While their team’s hot 4-1 record to start the season was (and still is!) exciting, this is still a young team working to find its identity. One of the biggest bright spots of late is the addition of AD, who provides depth at the guard spot. After seeing limited time to start the season with New York, AD has been a solid contributor for the Dream, tallying 21 points in back-to-back games (a 25-minute appearance against the Connecticut Sun and a 31-minute appearance against the Chicago Sky). Next up, the Dream face Dallas (Tuesday June 21st), New York (Friday, June 24th), and Connecticut (Sunday June 26th), with hopes of ending their losing streak.

 

7. New York Liberty (6-10, T-10 last rankings)

Myles Ehrlich, @mylesehrlich: The New York Liberty continue to improve, with each game providing a clearer picture of the team’s identity. And the brand of basketball this team plays? It’s fun. We talked last time about how Crystal Dangerfield’s addition to the starting five has helped to open up Sabrina Ionescu’s game. Now, they’ve leveled up again, with Marine Johannès arriving to bring three facilitating guards into the opening lineup. 

Oh, and Johannès’ throws passes like this:

And this:

And this:

After the early-season seven-game skid had them at 1-7 and scraping the bottom of the standings, New York has won five of eight. After averaging 19.3 turnovers a night in those first eight games (eleventh in the W), the addition of multiple ballhandlers has the Liberty coughing up just 12.9 turnovers per game in the last eight (tied for second over that span). 

For the Liberty to make a jump to being a contender, though, they’ll need to close out competitive games. This recent stretch would be even more impressive had they been able to steal one (or both) of the back-to-back home defeats in winnable games against the Chicago Sky and Seattle Storm.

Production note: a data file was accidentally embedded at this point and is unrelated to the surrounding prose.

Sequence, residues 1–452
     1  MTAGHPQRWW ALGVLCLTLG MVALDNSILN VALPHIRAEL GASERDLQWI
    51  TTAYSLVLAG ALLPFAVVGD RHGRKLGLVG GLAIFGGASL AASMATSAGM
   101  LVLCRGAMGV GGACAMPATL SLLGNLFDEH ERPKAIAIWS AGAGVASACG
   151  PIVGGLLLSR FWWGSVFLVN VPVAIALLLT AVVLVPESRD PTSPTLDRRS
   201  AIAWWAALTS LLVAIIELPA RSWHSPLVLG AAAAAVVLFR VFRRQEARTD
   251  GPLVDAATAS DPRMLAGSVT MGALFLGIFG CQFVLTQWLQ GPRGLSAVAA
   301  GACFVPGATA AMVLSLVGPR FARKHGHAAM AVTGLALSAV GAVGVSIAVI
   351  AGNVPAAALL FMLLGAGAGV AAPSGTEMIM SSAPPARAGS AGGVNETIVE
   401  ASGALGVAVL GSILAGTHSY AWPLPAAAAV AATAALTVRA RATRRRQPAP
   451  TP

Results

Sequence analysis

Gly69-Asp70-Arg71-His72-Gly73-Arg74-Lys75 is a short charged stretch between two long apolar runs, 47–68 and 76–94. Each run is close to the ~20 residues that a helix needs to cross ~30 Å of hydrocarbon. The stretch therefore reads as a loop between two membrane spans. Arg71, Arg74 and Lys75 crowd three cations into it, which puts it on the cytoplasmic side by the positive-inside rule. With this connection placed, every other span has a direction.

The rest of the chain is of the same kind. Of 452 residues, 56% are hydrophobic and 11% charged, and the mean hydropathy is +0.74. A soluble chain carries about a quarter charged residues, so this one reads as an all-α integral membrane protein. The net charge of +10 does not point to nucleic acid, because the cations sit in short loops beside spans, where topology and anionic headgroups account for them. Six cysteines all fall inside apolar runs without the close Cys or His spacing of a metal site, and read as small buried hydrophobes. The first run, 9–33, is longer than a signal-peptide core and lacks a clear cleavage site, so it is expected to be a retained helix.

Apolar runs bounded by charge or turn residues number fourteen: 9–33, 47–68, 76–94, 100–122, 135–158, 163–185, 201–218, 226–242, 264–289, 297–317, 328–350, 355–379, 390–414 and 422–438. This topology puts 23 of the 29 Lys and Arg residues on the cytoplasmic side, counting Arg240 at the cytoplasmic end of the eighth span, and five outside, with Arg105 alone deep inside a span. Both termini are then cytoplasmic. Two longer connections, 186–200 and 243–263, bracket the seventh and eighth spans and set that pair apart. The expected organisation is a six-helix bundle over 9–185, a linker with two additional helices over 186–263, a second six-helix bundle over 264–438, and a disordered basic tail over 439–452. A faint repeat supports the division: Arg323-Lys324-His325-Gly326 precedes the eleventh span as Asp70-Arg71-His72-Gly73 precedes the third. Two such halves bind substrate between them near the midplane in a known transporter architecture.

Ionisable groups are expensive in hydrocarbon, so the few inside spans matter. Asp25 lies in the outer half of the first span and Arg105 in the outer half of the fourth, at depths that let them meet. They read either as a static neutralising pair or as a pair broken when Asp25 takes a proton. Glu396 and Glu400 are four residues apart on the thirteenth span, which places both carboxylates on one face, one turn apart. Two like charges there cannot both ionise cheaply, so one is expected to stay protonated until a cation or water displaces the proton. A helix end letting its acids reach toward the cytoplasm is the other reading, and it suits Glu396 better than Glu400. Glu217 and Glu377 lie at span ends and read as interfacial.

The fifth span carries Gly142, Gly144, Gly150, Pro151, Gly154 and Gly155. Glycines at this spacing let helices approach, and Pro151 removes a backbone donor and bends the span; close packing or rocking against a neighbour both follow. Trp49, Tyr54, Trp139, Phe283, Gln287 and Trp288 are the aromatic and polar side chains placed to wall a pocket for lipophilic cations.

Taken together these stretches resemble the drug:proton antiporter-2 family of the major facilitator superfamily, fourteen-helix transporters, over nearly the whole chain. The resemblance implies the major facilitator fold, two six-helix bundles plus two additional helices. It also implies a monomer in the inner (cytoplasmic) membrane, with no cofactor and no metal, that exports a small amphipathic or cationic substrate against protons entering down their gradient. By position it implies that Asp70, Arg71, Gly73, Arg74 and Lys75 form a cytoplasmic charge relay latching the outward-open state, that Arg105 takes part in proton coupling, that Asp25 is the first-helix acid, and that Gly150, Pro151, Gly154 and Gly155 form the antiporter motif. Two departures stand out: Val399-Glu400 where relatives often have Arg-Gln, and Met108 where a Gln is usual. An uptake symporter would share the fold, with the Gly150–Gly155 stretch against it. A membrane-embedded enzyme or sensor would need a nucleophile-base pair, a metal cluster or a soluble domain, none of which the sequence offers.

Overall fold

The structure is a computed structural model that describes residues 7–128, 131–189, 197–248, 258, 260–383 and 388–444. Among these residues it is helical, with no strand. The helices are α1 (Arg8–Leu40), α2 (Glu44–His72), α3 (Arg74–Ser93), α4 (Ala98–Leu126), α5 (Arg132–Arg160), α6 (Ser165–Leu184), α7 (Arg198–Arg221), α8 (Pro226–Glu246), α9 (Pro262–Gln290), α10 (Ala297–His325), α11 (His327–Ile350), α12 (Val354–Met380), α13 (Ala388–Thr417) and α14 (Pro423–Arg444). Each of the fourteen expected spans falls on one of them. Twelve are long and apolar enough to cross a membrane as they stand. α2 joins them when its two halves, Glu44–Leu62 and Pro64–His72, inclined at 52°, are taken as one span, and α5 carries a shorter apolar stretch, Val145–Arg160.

“We just have to learn how to finish games,” Stef Dolson told Winsidr after Sunday’s tight loss to the Seattle Storm. “I think, with the newness of our team, that’s something that we’re growing at. Seattle has been there before, and they know how to close games out.” If the Liberty start to secure those Ws, look for them to continue to climb in our rankings.

 

6. Dallas Wings (8-8, No. 7 last rankings)

Jasmine Harper, @harperxxwrites: To follow up on the previous power rankings, the Dallas Wings cohesion and scoring was tested in a five-game stretch at home. During this time, Marina Mabrey missed the first two games due to Health and Safety Protocols, while Satou Sabally injured her knee and was absent for the final three games. The team won two-of-five, claiming two big victories against the Phoenix Mercury and Los Angeles Sparks. With core members missing, the Wings clearly struggled and missed their facilitator (Mabrey) and X-factor (Sabally). However, players like Teaira McCowan rose to the occasion off the bench. McCowan logged two double-digit games with one being a double-double. And to add to that, the majority of Dallas’ bench produced quality minutes on the floor, giving vets support when the offense was stalled. 

The Wings still need to hone in on maintaining their game from tip-off to the final whistle, but for now they seem to be trending in the right direction. Overall, once we receive an update on Sabally’s injury and see how disciplined the team stays in scoring, we’ll have a full picture view of what’s next for Dallas. The remaining schedule doesn’t list any back-to-back games, and if at full strength and consistent, the Wings could find a rhythm in the season’s second half. 

 

5. Seattle Storm (10-6, No. 6 last rankings)

Hunter Hames, @hunter9h: When the Storm packed their bags for their longest road trip of the season, a schedule that would feature five away games in the span of 10 days, they were 6-5 and searching for consistency after an up and down start. Now at 10-6, the Storm proved themselves road warriors and climbed up to fourth in league standings. However, it’s their off-court happenings that garnered the most attention this week.